Ottawa imposes new rules to protect fragile right whale population

New rules on right whales

Canada has rolled out new measures to protect the critically endangered North Atlantic right whale, but federal officials insisted Thursday the rules won't lead to more fishing closures in the Gulf of St. Lawrence or the Bay of Fundy.

The changes are needed because the whales' migration patterns in Canadian waters have become difficult to predict, Fisheries Minister Bernadette Jordan told a news conference on Parliament Hill.

"It's extremely important that we look after the North Atlantic right whale (because) it's an endangered species, partly due to human activity," Jordan said in an interview with The Canadian Press.

"We recognize that putting measures in place are going to be critical to maintaining that species."

Jordan said the new rules, which build on changes made since 2017, are aimed at reducing the main causes for the whales' population decline: ship strikes and entanglements with fishing gear.

Since June 2017, an unusually large number of right whales have died, reducing the population in the North Atlantic to about 400 animals and prompting warnings that the species is on its way to extinction.

In 2017, a total of 17 dead whales were found, 12 of them in Canadian waters. The following year, three dead whales were found in U.S. waters, and in 2019, nine dead whales were spotted in Canadian waters, and one in the United States.

That's a total of 30 dead whales in the past three years — 21 in Canada and nine in the United States.

To prevent entanglements, Fisheries and Oceans Canada will use a new, dynamic system for fishing closures when whales are spotted or heard in the Gulf of St. Lawrence and the Bay of Fundy.

Unlike the static, season-long closures imposed in the past, fisheries officials will now declare closures in areas where whales are detected more than once in 15 days. Those areas, which will each measure 2,000 square kilometres, will remain closed to fishing until Nov. 15.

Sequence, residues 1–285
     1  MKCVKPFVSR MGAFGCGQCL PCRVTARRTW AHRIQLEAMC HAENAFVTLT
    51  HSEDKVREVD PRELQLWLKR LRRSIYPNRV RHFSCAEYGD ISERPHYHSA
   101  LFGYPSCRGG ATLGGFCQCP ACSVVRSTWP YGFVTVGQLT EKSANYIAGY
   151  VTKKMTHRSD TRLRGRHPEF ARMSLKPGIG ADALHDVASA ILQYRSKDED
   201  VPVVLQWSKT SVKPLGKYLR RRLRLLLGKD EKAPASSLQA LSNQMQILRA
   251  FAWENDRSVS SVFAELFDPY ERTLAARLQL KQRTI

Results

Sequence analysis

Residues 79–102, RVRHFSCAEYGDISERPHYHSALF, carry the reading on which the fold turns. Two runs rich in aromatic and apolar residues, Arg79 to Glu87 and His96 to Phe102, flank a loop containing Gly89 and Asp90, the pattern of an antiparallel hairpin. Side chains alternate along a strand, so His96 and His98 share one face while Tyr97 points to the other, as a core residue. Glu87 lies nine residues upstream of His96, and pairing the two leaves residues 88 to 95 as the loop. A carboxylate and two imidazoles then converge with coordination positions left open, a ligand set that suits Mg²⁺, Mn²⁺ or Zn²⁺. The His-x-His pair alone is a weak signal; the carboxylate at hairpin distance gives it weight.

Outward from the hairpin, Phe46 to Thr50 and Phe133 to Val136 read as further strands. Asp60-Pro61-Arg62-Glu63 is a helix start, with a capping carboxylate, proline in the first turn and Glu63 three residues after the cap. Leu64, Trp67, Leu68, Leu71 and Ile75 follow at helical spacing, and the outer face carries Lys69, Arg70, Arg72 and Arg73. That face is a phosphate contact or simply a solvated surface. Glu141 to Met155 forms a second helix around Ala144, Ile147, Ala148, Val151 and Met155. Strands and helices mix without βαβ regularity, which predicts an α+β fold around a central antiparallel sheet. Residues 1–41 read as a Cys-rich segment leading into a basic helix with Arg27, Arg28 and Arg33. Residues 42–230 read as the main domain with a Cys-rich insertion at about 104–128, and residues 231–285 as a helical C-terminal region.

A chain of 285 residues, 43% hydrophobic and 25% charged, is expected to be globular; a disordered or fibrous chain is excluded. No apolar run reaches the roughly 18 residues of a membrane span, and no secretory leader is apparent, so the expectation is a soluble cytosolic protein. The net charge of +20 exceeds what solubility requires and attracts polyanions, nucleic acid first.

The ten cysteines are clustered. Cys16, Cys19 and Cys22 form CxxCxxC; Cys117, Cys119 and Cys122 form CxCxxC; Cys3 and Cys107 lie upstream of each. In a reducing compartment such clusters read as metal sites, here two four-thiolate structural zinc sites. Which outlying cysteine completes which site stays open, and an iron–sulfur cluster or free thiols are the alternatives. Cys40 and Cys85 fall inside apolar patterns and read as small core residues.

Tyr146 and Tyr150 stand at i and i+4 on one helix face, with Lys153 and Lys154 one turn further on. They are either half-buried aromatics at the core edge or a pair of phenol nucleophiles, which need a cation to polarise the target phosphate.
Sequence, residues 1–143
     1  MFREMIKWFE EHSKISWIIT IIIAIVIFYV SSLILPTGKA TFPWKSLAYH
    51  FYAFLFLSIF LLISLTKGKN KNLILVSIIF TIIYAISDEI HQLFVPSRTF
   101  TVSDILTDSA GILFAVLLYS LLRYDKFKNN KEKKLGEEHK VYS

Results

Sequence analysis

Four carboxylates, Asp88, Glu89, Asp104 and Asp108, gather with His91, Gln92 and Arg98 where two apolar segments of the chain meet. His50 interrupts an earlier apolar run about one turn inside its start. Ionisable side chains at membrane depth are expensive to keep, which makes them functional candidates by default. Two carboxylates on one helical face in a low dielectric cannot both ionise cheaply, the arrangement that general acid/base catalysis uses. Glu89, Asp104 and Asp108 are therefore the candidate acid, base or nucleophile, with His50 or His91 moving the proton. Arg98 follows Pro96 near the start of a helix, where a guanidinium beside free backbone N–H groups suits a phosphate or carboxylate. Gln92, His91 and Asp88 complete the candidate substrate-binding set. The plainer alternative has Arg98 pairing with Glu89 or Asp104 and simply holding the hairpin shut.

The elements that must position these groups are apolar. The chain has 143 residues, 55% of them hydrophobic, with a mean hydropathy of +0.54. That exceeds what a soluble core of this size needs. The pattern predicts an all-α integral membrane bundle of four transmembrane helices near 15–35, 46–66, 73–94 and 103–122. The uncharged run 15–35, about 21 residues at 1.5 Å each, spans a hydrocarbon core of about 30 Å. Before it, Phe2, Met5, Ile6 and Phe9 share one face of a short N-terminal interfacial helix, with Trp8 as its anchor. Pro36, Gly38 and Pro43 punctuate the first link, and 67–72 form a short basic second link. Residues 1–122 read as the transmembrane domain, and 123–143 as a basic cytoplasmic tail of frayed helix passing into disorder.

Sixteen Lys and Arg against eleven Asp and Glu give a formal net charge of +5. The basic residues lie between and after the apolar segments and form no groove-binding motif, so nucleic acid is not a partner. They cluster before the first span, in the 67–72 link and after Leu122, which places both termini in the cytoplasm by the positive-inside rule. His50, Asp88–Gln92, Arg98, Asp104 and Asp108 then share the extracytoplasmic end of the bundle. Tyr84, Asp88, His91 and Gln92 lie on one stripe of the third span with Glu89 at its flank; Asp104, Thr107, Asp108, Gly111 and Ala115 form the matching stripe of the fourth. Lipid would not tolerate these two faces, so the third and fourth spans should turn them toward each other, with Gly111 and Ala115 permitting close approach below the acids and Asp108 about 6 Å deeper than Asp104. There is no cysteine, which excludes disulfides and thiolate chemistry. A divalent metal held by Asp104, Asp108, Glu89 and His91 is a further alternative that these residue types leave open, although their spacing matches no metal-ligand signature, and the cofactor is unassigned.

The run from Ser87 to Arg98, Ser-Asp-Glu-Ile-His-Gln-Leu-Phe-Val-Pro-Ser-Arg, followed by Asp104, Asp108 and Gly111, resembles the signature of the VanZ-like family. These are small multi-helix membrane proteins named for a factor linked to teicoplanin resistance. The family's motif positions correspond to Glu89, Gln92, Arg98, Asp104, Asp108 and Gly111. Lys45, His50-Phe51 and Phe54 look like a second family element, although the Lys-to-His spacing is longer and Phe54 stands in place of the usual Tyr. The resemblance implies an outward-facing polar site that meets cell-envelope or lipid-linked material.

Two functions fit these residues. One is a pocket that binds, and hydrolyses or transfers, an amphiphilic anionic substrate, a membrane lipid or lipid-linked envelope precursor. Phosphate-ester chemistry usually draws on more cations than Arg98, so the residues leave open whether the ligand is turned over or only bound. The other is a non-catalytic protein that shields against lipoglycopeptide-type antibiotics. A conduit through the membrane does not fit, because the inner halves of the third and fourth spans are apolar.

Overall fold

"What we're doing is actually tracking where the whales are, and then we will close it almost in a grid around the whale as it moves, so that we're not closing off a full area," Jordan said.

"That's something that's going to be extremely important to our fish harvesters because they have more ability to know where things are going to be, instead of closing off one big area."

Once an area is closed, fishermen must remove all of their fixed fishing gear, such as lobster and crab traps.

As well, the department confirmed Thursday it will expand the use of this type of closure into the Bay of Fundy, in response to a larger number of right whales returning to the bay last year.

Another new measure calls for improved gear-marking. Lobster and crab fishermen will be required to mark all of their ropes to show what fishery they are being used for and where. The new markings will help officials and marine mammal researchers determine where entanglements have taken place.

Meanwhile, Transport Canada says vessels longer than 13 metres will be required to comply with new rules to reduce ship strikes, including new speed limits for a vast area off northeastern New Brunswick and south of Anticosti Island.

A new voluntary speed limit of 10 knots will be imposed in the Cabot Strait between April 28 and June 15, though it remains unclear how this rule will affect the ferry service that links Nova Scotia with Newfoundland. The voluntary limit will resume between Oct. 1 to Nov. 15 as the whales move out of the gulf.

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